Going from 16K to 18K in Annual Wages
Last week, I did a post on Fryer and Debbie’s excellent new study on the Texas charter sector.
I emailed the authors about my hypothesis that the growth of high-quality charters – even if they aren’t that much better than average traditional schools – could still be of great value if these new charters displaced chronically failing schools.
Roland was kind enough to respond but pushed that even if my hypothesis is true, the story still might be a depressing one.
His point: the numbers from his study indicate that even if we replaced all these failing schools with high-performing charters, we’re still only talking about ~1-2K in extra earnings per year for these students.
Given that many of these students end up lower income brackets, this might mean going from 16K to 18K a year in annual salary. Hardly game changing in terms of life outcomes – and surely not a ticket to the middle class.
Confronting this Potential Reality
When a study tells you what you don’t want to hear, the first reaction is often to not deal with it (in some ways I did this in my previous post).
So everyone in education reform needs to deal with this potential reality: there is some possibility that the best that education reform has to offer can only, on average, move a student from 16K to 18K a year.
Of course, this is only one study of one state. We don’t yet know if these numbers will hold under different contexts, methodologies, or timeframes.
But, at the very least, your belief that a great school can radically increase wages should be a little lower after reading this study.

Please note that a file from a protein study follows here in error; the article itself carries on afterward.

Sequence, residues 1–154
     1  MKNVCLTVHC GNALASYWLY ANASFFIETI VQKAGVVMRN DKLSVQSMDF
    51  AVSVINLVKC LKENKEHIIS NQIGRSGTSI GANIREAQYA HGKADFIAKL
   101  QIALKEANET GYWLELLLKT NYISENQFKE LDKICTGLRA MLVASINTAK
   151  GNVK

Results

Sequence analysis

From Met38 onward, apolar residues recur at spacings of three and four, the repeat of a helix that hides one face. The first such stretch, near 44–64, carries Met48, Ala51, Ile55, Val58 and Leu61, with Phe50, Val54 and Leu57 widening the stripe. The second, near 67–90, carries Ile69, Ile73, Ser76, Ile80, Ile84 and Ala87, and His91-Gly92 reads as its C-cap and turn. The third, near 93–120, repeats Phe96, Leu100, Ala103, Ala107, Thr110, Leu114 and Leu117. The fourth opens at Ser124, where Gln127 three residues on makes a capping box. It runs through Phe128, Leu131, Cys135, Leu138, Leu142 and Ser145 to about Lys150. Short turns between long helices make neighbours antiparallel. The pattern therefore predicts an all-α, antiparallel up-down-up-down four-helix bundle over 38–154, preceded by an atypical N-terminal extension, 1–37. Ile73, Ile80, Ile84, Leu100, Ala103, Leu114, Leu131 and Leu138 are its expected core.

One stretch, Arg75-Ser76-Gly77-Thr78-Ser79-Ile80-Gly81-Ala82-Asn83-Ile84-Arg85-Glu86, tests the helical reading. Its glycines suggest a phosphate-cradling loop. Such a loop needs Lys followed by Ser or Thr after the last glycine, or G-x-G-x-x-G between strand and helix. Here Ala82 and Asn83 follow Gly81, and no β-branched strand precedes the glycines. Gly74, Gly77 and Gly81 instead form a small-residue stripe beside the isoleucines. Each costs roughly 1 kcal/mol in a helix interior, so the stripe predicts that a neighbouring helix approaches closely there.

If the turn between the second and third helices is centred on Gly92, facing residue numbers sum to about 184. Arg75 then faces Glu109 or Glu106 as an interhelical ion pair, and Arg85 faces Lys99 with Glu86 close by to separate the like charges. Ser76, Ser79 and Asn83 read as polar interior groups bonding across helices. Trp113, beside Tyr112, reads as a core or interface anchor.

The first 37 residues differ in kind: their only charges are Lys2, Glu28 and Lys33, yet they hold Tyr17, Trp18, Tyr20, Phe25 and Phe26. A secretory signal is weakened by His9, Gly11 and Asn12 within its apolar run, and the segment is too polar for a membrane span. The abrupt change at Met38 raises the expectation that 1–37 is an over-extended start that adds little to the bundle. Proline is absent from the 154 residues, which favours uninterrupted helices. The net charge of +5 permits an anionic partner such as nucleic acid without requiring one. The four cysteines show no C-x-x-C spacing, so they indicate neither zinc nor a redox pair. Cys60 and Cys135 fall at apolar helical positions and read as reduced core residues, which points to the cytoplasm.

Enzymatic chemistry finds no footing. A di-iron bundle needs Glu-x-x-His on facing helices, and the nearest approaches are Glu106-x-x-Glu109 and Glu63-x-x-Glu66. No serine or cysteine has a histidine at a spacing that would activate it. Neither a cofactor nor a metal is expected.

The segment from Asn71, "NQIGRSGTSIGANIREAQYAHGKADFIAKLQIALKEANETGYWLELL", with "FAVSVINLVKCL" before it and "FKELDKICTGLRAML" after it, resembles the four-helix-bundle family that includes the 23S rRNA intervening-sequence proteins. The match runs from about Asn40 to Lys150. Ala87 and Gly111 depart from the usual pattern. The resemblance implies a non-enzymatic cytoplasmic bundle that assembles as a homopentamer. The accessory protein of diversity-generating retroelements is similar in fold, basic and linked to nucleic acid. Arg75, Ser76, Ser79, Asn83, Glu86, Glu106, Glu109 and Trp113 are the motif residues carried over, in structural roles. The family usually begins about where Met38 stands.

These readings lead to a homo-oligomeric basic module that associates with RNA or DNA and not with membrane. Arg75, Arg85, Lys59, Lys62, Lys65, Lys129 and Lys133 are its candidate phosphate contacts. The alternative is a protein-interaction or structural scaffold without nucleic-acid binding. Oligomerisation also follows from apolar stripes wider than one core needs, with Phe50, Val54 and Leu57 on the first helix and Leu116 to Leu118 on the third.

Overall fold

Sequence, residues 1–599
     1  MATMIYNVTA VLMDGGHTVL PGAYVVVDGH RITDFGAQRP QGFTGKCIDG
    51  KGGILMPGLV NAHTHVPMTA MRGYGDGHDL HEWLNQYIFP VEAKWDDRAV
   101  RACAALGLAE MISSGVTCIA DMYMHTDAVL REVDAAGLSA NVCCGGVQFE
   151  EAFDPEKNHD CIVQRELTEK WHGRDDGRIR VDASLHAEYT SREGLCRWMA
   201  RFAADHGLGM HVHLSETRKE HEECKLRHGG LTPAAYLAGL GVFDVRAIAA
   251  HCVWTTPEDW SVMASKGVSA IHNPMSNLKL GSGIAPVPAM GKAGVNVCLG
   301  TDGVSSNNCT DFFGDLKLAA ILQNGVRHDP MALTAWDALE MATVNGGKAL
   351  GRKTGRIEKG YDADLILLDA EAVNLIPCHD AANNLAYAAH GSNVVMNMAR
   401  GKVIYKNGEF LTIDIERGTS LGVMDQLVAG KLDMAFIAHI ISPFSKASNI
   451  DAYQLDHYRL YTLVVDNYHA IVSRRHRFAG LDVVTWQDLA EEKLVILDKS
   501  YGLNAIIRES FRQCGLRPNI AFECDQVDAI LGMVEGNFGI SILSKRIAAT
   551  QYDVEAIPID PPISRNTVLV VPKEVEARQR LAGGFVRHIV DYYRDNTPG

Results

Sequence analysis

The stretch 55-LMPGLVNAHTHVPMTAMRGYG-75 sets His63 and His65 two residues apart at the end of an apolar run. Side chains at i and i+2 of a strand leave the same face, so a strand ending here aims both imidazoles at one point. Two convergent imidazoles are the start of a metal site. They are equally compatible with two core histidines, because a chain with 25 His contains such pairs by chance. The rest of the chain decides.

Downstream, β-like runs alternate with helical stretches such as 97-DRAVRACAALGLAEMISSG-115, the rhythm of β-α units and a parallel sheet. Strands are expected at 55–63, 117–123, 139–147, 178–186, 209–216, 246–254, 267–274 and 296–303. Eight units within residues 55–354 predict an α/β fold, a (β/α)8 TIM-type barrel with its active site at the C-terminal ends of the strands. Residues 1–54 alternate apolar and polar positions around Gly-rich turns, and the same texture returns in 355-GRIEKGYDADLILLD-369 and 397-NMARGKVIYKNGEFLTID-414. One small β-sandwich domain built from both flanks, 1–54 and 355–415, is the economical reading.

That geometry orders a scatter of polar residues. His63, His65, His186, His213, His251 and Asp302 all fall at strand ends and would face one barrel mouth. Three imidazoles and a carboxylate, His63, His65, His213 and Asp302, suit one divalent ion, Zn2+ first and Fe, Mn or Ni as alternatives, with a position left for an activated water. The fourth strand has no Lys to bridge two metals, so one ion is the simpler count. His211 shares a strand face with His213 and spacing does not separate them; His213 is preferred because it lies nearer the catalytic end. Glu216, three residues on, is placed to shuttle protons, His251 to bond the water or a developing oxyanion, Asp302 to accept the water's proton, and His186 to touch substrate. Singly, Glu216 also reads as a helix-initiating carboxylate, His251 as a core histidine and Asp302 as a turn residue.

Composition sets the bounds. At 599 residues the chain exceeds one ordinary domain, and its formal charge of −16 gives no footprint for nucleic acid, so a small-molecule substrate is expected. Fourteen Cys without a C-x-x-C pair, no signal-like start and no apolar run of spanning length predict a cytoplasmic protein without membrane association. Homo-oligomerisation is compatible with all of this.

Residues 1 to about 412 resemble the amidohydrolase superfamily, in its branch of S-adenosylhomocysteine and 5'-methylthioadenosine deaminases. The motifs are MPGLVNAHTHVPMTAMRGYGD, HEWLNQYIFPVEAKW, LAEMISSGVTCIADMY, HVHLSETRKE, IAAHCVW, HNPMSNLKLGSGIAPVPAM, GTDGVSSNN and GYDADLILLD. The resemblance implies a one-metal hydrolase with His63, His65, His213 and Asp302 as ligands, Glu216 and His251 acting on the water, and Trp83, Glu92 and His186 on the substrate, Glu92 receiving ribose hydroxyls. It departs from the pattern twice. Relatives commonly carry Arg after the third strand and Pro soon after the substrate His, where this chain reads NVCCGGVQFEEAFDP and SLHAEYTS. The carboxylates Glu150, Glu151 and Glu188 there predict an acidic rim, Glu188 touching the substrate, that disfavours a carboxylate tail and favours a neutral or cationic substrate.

I’m still mulling this over, but in conversations with Roland and folks I work with, certain ideas bubbled up:
The data doesn’t capture recent improvements: A lot of the best charters have only really started focusing on college and career over the past 5 years or so. As such, the students who received the full suite of redesigned high schools, counseling, and career support aren’t represented in this study. To the extent you believe the best charters are problem solving machines, you might believe this to be true.
The work is generational: Perhaps reformed schools can only, on average, push students who would have been in deep poverty to achieve average poverty / lower middle-class status. And perhaps their children, who will grow up in better educated environments, will the be ones to more fully make it into the middle class. But this story could be unwound through raised expectations: if we told kids they were going to make it to the middle class, and they don’t, how will they react?
Colleges are the bottleneck: Perhaps these real gains in learning are being wasted by ineffective two year and four year colleges – and that without higher education reform we won’t be able to translate K-12 gains into wage increases.
Society is tough: Just because you’re better educated doesn’t mean you can overcome racism, lack of social capital, and an over-reliance on signaling.
More interventions are needed: Great schools can’t solve everything; interventions that work on family poverty, health, and parenting are needed for schools to really move kids as far as they need to be moved.
The schools aren’t really that good: A bunch of teaching to the test just jacks up crystallized knowledge but doesn’t really give kids the human capital qualities they need to succeed in the workforce.
What Do you Do in the Face of Ambiguity?
Leaders need to make hard decisions in the face of incomplete data.
Often times, this means relying on some combination of probabilistic thinking, intuition, ideology, and philosophy.
But, at some point, you need to walk away if the data is telling you what you’re doing is not working.
I don’t think one study is enough to walk away from the promise of urban charter schools, especially since they’ve achieved so much on less penultimate markers. I think there’s a lot more experimentation and research that needs to be done to help us understand if we can translate academic gains into wage growth.
But it’s worth thinking about when you would walk away.
Because if there is no point at which you’d walk away, then what do you really stand for?